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We’re Selling Our House and Netting $550k to Downsize for Retirement. How Can We Avoid Capital Gains Taxes?


Selling your home to downsize can make your retirement more financially stable, but if you have a profit on the sale you might owe capital gains taxes. Fortunately, in many cases those selling their primary residence who are single can exclude $250,000 from capital gains taxes, while married couples filing jointly can exclude $500,000. Employing this exclusion can reduce or eliminate capital gains taxes. Some restrictions do apply, however, so it’s best not to assume your gain will be excluded. There are other strategies that you might be able to use, but these may have significant limitations, uncertainties and risks.

Do you have questions about retirement planning? Speak with a financial advisor today.

Is the Gain on Your Home Sale Taxable?

Selling your primary residence may result in capital gains taxes, but for many people it doesn’t. To determine whether your gain will get taxed, you must first figure out how much gain qualifies to be excluded. The amount of the gain that can be shielded from taxes depends on the filing status you choose when you submit your income tax return.

Single filers can exclude $250,000 and married couples filing jointly can exclude $500,000 of profits on the sale of a primary home. However, to qualify for these exclusions, the sellers must have owned and lived in the home at least two of the five years prior to selling. Also, you can’t have used the exclusion in the previous two years.

If your gain exceeds the exclusion, the amount of the overage will be taxed as capital gains. The amount of tax depends on how long you have owned the home. If you have owned it for more than a year, you’ll likely qualify for long-term capital gains tax rates of 0%, 15% or 20%. The exact rate depends on your income and other capital gains for the year, and the gain on your home sale gets included when figuring that. In this case, a married couple who makes $550,000 in gains on their home sale would likely be subject to the 15% long-term tax bracket, which starts at $47,025 in 2024.

Downsizing in Action

Here’s how this all could play out, looking at three possible scenarios:

  1. A married couple filing jointly can exclude $500,000 in gains from taxation after the sale. This would leave only $50,000 to be taxed. Because the couple has owned and lived in the home for at least two out of the last five years, long-term capital gains tax rates will apply. The tax bill for the sale alone would be $50,000 at 15%, or $7,500.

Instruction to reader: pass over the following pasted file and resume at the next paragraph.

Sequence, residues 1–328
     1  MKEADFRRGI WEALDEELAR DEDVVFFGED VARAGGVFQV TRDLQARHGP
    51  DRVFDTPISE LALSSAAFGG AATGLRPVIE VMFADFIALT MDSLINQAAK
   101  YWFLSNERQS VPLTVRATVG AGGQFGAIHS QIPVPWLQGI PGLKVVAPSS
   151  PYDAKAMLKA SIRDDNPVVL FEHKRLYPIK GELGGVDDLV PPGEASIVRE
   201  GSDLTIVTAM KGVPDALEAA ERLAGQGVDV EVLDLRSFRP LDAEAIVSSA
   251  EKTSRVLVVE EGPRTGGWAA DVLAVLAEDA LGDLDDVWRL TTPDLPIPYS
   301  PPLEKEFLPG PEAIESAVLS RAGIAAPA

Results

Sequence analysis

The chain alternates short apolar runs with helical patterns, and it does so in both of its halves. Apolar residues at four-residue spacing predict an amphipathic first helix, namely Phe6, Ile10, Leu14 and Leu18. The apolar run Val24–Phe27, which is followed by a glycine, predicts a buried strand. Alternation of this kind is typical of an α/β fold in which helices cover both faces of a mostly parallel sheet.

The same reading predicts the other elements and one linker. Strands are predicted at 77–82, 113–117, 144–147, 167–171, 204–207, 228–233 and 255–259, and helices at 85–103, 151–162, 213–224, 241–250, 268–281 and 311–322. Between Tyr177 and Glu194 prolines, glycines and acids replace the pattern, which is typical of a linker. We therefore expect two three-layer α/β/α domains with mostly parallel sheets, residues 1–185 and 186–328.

2. If you aren’t eligible for any exclusion, due to not living in the home two of the previous five years or using the exclusion more recently than two years, then the entire $550,000 will be taxed. If the whole gain of $550,000 is taxed at 15%, the bill would be $82,500.
  3. For the sake of an example, let’s assume you were single and meet the criteria for the exclusion. In this scenario, you can exclude $250,000 of the $550,000 gain, which leaves $300,000 taxable. The rate will likely be 15%, as the 20% long-term tax bracket starts at $518,900 for 2024. This will result in 15% taxes owed on the $300,000, or $45,000.

While these guidelines apply to federal capital gains taxes, some states also levy capital gains taxes. States tax capital gains in a variety of ways, so you need to check local laws to get an accurate idea of your tax bill.

Another Approach

You may be able to reduce your taxes, even if none or only part of the gain qualifies for an exclusion. This can be done by making sure you accurately figure your cost basis of the house. To do this, add up all the improvements you made to the property. Now add this figure to the property’s original cost and subtract it from the sale price.

If you have previously not fully accounted for your cost basis, this can reduce the amount of the gain and the subsequent taxes you’ll owe. For instance, if you spent $50,000 on a kitchen renovation and hadn’t included that in your cost basis, accounting for it correctly could reduce your $550,000 gain to $500,000.

Bottom Line

A home seller pocketing $550,000 can legally avoid some capital gains taxes through an exemption and other legitimate tax minimization strategies. However, limitations abound, so consult a financial advisor to understand how these situations work and how to plan for them.

Retirement Tax Tips

  • A financial advisor can help you plan for taxes and retirement. Finding a financial advisor doesn’t have to be hard. SmartAsset’s free tool matches you with up to three vetted financial advisors who serve your area, and you can have a free introductory call with your advisor matches to decide which one you feel is right for you. If you’re ready to find an advisor who can help you achieve your financial goals, get started now.
  • SmartAsset’s income tax calculator can shine a revealing light on how much you’ll owe or receive as a refund next time you file taxes.

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